Novel Writing Blueprint-Pacing Your Story | Susan Palmquist | Skillshare

Novel Writing Blueprint-Pacing Your Story

Susan Palmquist, Author, Dream Inspirer and Writing Guru

Novel Writing Blueprint-Pacing Your Story

Susan Palmquist, Author, Dream Inspirer and Writing Guru

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5 Lessons (19m)
    • 1. FictionPacingJuneIntro

      1:48
    • 2. Fictionpacingjunelessonone

      4:04
    • 3. Fictionpacingjunelessontwo

      5:19
    • 4. Fictionpacingjunelessonthree

      5:17
    • 5. Fictionjunepacingwrapup

      2:32
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About This Class

This is a standalone class but it's also part of my year long Novel Writing Blueprint series. In this class you'll learn all about how to pace your story correctly. One major reason for an editor or agent rejecting your story can be due to either too fast of a pace or painfully slow pacing. I'll show you the common reasons for both and what you can do to correct them.

Meet Your Teacher

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Susan Palmquist

Author, Dream Inspirer and Writing Guru

Teacher

Hi,

I’m Susan Palmquist and for the last 20 years I’ve been an author, freelance writer, editor, blogger, teacher and tutor, (and before that I was a publicist).

It feels like I’ve squeezed a lot into two decades and it’s my tips and experience that I’ve learned along the way that I’m now happy to share with you here at Skillshare.

I’d like to show you how you too can write for fun or even for a living whether it be fiction or non-fiction.

Getting published wasn’t easy for me but I’m now the author, (under my own name and pen name Vanessa Devereaux), of 100 plus books and counting. There’s nothing I love more than helping others do the same thing.

I have my own coaching and critiquing business... See full profile

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Writing Creative

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Transcripts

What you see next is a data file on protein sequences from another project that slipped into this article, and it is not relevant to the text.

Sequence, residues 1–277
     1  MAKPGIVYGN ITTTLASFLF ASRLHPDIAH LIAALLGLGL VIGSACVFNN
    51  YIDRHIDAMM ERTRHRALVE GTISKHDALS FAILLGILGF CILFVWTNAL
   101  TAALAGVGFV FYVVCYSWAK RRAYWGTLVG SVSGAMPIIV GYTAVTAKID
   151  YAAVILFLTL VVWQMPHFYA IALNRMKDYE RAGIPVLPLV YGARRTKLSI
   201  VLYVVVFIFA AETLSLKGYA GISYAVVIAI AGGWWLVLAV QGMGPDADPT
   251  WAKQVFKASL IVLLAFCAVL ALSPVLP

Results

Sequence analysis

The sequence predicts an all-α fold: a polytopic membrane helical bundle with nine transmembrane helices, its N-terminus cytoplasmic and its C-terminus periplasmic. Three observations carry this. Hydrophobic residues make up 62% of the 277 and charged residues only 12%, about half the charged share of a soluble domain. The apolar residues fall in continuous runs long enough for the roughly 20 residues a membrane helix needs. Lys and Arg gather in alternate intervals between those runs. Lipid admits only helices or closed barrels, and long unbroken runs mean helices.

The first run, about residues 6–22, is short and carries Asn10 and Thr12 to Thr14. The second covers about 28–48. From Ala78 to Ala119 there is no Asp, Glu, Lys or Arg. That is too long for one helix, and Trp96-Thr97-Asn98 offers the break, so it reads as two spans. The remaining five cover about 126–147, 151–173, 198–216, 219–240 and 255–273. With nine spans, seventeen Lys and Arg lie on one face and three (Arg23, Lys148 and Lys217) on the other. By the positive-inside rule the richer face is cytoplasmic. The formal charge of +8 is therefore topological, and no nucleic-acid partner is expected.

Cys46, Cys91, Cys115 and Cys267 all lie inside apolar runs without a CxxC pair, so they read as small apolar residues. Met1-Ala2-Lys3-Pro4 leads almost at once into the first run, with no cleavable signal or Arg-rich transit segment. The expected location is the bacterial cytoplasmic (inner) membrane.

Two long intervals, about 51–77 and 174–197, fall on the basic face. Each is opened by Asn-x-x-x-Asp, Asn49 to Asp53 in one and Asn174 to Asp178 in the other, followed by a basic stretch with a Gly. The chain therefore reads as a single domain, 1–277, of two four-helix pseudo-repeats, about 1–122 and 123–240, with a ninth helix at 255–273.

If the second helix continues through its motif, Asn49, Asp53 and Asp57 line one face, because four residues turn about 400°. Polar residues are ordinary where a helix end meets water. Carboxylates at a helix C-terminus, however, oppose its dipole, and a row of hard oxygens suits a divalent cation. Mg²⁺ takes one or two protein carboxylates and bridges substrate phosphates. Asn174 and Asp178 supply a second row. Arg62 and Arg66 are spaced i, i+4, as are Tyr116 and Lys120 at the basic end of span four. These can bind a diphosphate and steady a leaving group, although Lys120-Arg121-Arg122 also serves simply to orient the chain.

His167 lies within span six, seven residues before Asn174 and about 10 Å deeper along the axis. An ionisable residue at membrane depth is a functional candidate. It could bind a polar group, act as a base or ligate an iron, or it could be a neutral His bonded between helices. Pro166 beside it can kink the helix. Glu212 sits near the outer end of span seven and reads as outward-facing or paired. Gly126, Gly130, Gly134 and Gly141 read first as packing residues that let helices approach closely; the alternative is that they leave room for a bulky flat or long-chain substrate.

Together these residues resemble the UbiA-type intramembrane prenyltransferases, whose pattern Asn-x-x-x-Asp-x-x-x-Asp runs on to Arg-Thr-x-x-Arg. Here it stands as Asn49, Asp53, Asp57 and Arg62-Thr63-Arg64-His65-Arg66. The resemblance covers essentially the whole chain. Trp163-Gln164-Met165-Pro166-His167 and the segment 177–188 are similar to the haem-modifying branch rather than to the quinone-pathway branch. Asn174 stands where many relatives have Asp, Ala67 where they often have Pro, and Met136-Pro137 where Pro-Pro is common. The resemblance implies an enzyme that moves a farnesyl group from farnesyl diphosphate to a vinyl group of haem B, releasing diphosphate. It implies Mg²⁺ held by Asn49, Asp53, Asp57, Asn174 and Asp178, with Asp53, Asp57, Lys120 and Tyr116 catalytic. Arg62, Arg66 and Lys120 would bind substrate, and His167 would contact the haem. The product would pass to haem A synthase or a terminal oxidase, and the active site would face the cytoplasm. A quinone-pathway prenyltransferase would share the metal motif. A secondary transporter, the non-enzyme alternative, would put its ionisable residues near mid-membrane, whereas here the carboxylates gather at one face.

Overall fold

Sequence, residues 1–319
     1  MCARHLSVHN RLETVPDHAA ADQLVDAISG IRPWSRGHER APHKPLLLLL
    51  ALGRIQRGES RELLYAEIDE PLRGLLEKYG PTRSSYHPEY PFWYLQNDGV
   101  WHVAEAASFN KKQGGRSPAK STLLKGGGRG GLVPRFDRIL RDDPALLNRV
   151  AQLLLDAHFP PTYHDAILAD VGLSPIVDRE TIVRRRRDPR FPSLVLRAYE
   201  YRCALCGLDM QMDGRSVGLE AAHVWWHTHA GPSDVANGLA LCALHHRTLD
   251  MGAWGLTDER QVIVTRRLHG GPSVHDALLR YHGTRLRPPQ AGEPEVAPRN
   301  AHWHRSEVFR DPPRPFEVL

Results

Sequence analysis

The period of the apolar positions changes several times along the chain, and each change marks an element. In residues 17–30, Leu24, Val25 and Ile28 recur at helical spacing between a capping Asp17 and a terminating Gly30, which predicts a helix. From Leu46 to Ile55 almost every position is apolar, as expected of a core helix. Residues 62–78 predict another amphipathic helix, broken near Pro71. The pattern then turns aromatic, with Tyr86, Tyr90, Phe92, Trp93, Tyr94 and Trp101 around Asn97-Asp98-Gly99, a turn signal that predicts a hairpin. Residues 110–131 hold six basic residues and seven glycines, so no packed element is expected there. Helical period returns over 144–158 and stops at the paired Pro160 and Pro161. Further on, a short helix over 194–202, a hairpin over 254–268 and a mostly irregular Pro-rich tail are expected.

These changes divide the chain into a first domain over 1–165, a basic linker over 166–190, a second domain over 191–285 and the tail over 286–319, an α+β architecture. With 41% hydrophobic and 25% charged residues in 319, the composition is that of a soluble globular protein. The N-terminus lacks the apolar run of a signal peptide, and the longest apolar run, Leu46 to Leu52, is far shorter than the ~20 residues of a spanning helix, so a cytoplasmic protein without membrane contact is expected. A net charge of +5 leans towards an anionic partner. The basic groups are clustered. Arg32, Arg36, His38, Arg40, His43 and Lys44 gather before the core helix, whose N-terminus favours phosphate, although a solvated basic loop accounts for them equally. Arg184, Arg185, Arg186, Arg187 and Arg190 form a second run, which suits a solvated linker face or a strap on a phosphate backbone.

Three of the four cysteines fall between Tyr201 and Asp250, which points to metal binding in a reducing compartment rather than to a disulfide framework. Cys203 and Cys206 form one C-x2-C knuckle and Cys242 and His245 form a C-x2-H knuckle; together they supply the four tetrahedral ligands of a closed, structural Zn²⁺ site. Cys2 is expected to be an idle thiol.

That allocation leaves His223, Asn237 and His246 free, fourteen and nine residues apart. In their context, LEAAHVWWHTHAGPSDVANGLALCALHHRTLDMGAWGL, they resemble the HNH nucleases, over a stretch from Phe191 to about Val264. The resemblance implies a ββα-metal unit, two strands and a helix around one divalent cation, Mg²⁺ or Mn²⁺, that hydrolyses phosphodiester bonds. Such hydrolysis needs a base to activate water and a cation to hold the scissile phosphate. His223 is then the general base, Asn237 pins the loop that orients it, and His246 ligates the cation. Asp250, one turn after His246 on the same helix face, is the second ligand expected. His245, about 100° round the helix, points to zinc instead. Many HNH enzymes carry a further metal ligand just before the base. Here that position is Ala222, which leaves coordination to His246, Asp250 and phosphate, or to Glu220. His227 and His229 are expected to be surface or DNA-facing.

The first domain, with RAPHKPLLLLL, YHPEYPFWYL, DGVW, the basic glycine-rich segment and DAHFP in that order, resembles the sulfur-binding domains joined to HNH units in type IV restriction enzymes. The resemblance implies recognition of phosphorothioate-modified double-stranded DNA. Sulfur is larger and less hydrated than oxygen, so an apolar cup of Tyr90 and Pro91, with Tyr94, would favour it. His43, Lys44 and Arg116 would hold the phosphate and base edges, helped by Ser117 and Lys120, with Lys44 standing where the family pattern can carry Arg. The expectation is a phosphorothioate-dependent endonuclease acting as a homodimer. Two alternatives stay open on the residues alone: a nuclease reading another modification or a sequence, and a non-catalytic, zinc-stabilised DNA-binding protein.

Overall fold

1. FictionPacingJuneIntro: Hello, My name? Susan Palmquist. Welcome to the fiction writing blueprint course. This is a lesson six. In my year long fiction writing class, this particular one is on pacing. You don't need to take all of the classes. Each one is a standalone class, but I think you'll get more from them if you take them as a whole. Ah, so far we've covered getting ready to write, plotting, creating characters. Readers will love finding the right point of view in your story. On last month we tackle Dar Log, and this month we're going to deal with pacing on Pacing is basically how fast or slow your story reads, and you might not think that pacing is so essential to a great story. But it really could break or make a story. And it's one source off a dreaded rejection letter. Lots of times, myself included. I've had rejection letters saying, You know your placings too fast. I've heard of some writers that get rejection letters because they're pacing is too slow. So it's really vital. Teoh every good story. And that's why I thought I dedicate listen specifically to it and I'll be covering things like you know what actually is slow and fast pasting. What causes it on how we can correct. It's very, very simple, easy writing fix. So let's dive into Lesson one. And I'm going to cover White so fatal to out the wrong pacing in the story. So I'll see you then. 2. Fictionpacingjunelessonone: Hello and welcome back. And here we are at less than one, which I've titled. Why the wrong paces? Fatal. And it really is fatal because most of the time you know, before your reader gets the experience, your story has to go through an editor or an agent, depending on which, while you're going, Teoh approached publishing on DA wrong pace, and it's sometimes the reason for a rejection. I'm not saying that they're going to reject, you know, wonderful story. Pacing is something that on in House editor could deal with. But being that this is such a competitive business, I think you want to hit all the right notes first time out. So they think this is a fantastic story. Will heart hardly have to do any work on it? You know, we're gonna offer this writer a contract, so I believe in getting everything right. And that's what you know. This yearlong course is about Andi. That's why particularly, um, focused on pacing because I have seen great stories ruined by the wrong pacing. I'm basically pacing is just the speed at which your story reads sometimes and you move experience. That's something I've read novels and I don't think it's just because I've enjoyed them on , you know, they've been page turners, but I've sat down to read a novel and, you know, finished the whole thing in two hours. And like I just said, I don't think it's because I enjoyed it and wanted to stick with it. The pacing waas on the far side. It didn't ruin it, but you know, it could have done had it gone on to to quickly form a on. You know, people buy books, they spend money on books and it's, ah, escapism. And I think you want Teoh enjoy something forest, long as you can on. I like to think of it as, Ah, this is often what I tell my my students. It's like a gourmet meal. You know, you sit down to enjoy four courses and sexually off. Sorry, I've only got five minutes to enjoy all this wonderful food that this top chef is prepared for you and you. You miss something you lose out on the experience on it's the same with the story. If you give your reader to faster pacing, they gallop through it and they don't get to experience the plot, The wonderful characters that you've grated on DA You know, you're only given half of the experience. And on the other side of the coin, when you've got the slow pacing, I don't know whether you've, uh, required a few short stories and sometimes I think, Well, these air really dragging on, you know, I should have been up to read them in 15 minutes. It's because they they kind of get bogged down with too much duration, too much description. Or maybe they go off on tangents. Maybe they go off on another fatal thing called the Information dump. I'm there again it brewin. See what could have been a wonderful experience you've created these characters is storyline on you want everything to kind of blend together and just meshed together and be a wonderful experience on sometimes a reader, especially with slow pacing. I think more than fast pacing, the reader gives up and never returns to your story on If you're published, maybe they'll never return to you as an author, which is something else. You you never want to happen. So hope really. I've given you an idea of why Wrong Pacenti So fatal why I place such an emphasis on it and of dedicated one class to this element of the novel writing process. So in the next lesson, I'm going to tell you some of the major causes off wrong pacing, and then we'll get into how you can fix it, so I'll see you in the next lesson. 3. Fictionpacingjunelessontwo: Hello and welcome back. I'm We're here. At lesson to on this is all about the major causes off pacing problems, the 1st 1 I'll deal with. And this is connected with slow pacing. And it's usually because you've got too much generation and description. Some people like Teoh kind of give travel logs and maybe they go off on tangents on you know what? The weather, the clouds, it was gonna rain. And there's nothing wrong with that. You need that in the story. You need that balance. But don't let it go on for pages and pages. And you know nothing else. No inner thoughts, No dialogue, because that can really slow it down. I'm sure you've You've seen passages off descriptive things and it takes you longer to actually read them. You know, you can always check the out. Go through. Ah, book. What you see? Well, they say you don't see what paid spaces on the page on that. Usually were it generational description heavy on time. How long it takes you to read that versus a page with dialogue and you'll see the difference there and on the other side of the coin. If you've got really fast pacing and this was my problem. Ah, I'm a vory dialogue heavy writer, and, um, if you followed the last lesson on dialogue, um, I've kind of that's one of my strength. It's something I love to do. And in my early career I relied so much on dialogue to tell my story. And I didn't realize that, you know, I was doing that until one of my books was accepted and, you know, met with the editor. We went back and falls and she said, You've got what's known as White Room syndrome and I'm thinking White room syndrome on, You know, could you explain that to May? And it's because I had all dialogue and nothing else. And she said, It's like putting a reader into a white room, white walls, white ceiling. You know what comes? There's nothing else there. Just hearing Dar log and there's no interaction between characters, no inner thoughts, and it's like being trapped in a white room. And it wasn't until she told me that and pointed out that I was a Darla heavy writer, that I realized that, you know, some of my rejections could extend for that and also that it speeded up the pacing and, you know, maybe some editors publishers were, you know, too polite to say all this this, you know, reads like I'm trapped in a white room, so that could be one of the problems. If you've got to faster pacing in your story that, like me, you put too much dialogue in there, Another reason for, um, kind of, ah, quick pacing. And and this is related to plotting to on I've had a lot of student tell me that they intended to write a 70,000 word story, and after they first dropped, there are while I've got a 20,000 word story here. What happened? And I read this story. I don't know exactly what happened there. The kind of, um, rush through it. They haven't gone into detail of the story, and it's almost like they haven't thought out their plot that just like, you know, so and so when here. Then he drove here than he went over here. And there's nothing to experience is a very bland story. And you're gonna get fast placing and you're not going to get to your word camp. So I advise you to really think about the plot, And can your plot go the distant? This is where you know, the whole process starts toe to fit together. And, ah, a lot of times this is the the next major calls that I see. It's all telling and not showing. They told me the story. They haven't shown me the story, and there's a big difference. And this, too, will get you. Ah, rejection. I think faster than anything else. Um, you haven't gone into detail. Two characters are talking and that's it. There's no inner thoughts. Like, if someone says something to you, you are going to react to it. You're either going to react verbally or you're going to react inwardly emotionally, you know, to whatever that person said on the for the little things that you need to at two story toe at the liars that, like a beautiful on emotionally, um, you know, story. So these are some of the things I see more, actually, fast pacing than I do. Slow pacing. So maybe that's more of a problem of the beginning. Writer, I know it was for May, but I have also seen, you know, plots That kind of drag on Onda pacing is painfully slow. So they're the major causes of the problems. And in the next lesson, I'm gonna tell you how you can fix it. And they really are easy fixes. So I'll see you then. 4. Fictionpacingjunelessonthree: hello and welcome back. And in the last lesson, I told you, some of the court is off pacing problems. And now I'm going to tell you about the fixes. And as I said, they really are easy ones on. What I suggest you do is when you finish your first draw off that you get a time a and you read it out loud. I know it's going to take you a long time or, you know, it sounds like all this is this is a tedious process, but really especially when you are a beginning writer. You might not have to do this for, you know, later books. But your first book Get a feel for the time that your story reads and you know, don't don't obsess over it, but kind of get a feel. Did it read in an hour? Two hours? And another thing is you. So you kind of do two things at once because you're getting a feel for how it sounds and maybe have dialogue sounds. And it picks up a lot of problems, too. So it's a great excise duty, and not just for the pacing element. Now I always think that second drafts of where you deal with most of the problems. I know people, especially when you're beginning, right? You want to get a perfect first draw on. You know that very seldom happens, and sometimes that's when people stop because they feel all this is harder than I saw. But the second draft is where we fix all the issues and there will be issues. You know, I've been writing for, you know, 20 plus years on DA got lots of experience and I still car get it right, the first draft on. So I'm sure there's a lot of other publisher right is it will tell you the same thing. Your second draft is where where we deal with everything. Now what I want you to look for in your second draft is places where you might be telling and not showing. And this is going to, you know, speed up your how your story read. So maybe, like I mentioned in the previous listen, you've got two characters. They're talking to one another dunk. Just have them talk to another, be the character and see how they react to what someone said. Has someone revealed something you know, they've told a secret that no one ever knew. How would you react to it? You'd have some thought about it. You might even say, Well, you know, that's terrible. I didn't know that you did this mobile. So always have, like, action and reaction on DA, you know, describe what they're feeling, what they're seeing on that can really help the equal up to the pacing. I think that's a really good thing, um, to watch out for and it makes your story that much better, too. So you're dealing with two things that want and where you've got dialogue. Heavy pieces add more description on aeration. That's another thing you can do. Uh, you know, I'm not a big fan of people that go off onto tangents about the back story or, you know what's going on outside the weather wise. But it might be something that, you know, Saddam character said something and they remember something from the past and dunk dump loads of information and there. But you could say, Oh, yeah, I remember when that happened. Or maybe the characters thinking about all this reminds me when this happened to me before and there again. You get that emotional elements. So you're really adding more lions here? Ah, like a to go more heavy on internal thoughts that can really, um, college slow false pacing. That's great for doing that and you can't go wrong. I don't think you know, some writers might disagree with me, but I don't think you can have too many internal thoughts in a story because it helps your reader connect with that character. And if you, uh, taken my cloths on the characters, you'll know that that's what I really, really kind of try and get over to you that you need to get into a character's head So you get that emotional attachment that the reader needs to read on to turn the pages. Onda, um, if you've got really slow pacing and I don't think this is gonna be a problem for a lot of you. But if you do, just cut out some of the narration and description on and you know it's fairly easy to do on the second draft. Go through. And maybe you know your characters better by then, so you you might naturally be in their head or you may have another soul on the plot on, um, it's a great way to kind of, ah, you know, cut the excess out your story and that will speed up the pacing. Well, that's it. Basically for the problems and easy fixes on in the next lesson, I'm going to do a wrap of everything we've covered and tell you what's coming next month in the fiction writing blueprint cost. So I'll see you then. 5. Fictionjunepacingwrapup: Hello and welcome to the wrap up off this pacing class. And thank you for joining May um, we've covered something that I feel is vital. Teoh, You know, maybe the difference between getting a rejection for your story and getting a contract or at least getting an editor or agent interested. And we've covered Ah, what pacing is. And, uh, you know, most of the problems and the easy fixes, and it really isn't easy fix. It's it's not something. But, you know, if you are told you've got slower force pacing, don't despair too much because there are a lot of you can do and definitely try the fixes and see where you're at. So your class project is to test the pacing of your story, read it out loud and on and get a time and see how it's reading. See where you can maybe, you know, fix little issues. And if you have any questions, please. I'm here to help you in any way. I can always say that I love helping aspiring writers and getting you on the road to publication. So reach out on DA, you know, get back to you as soon as I can. And be sure to hit the follow button so you can get notified when I upload the next class. Or be uploading some other writing classes in the next couple of months, too. So make sure you hit the follow button and let's see what is next. Well, we're slowly building along the elements of your novel. So next month we're gonna be talking about narration. And some people, you know, kind of get worried about what the new rate, you know, who's gonna write my story. Well, we'll go into that and everything that's connected with the writing the story, and it is connected to point of view as well. So if you happen, I checked out my lesson on point of view. That might be a good one to listen to before next month's narration class. So thank you very much for taking this class on my other classes and following May I appreciate each and every one of you. Andi, I wish you luck with your story, and I just said, Reach out. If you need any help with anything and not just on pacing anything to do with your novel, I'll be happy to help you out until next time. Please take care and happy writing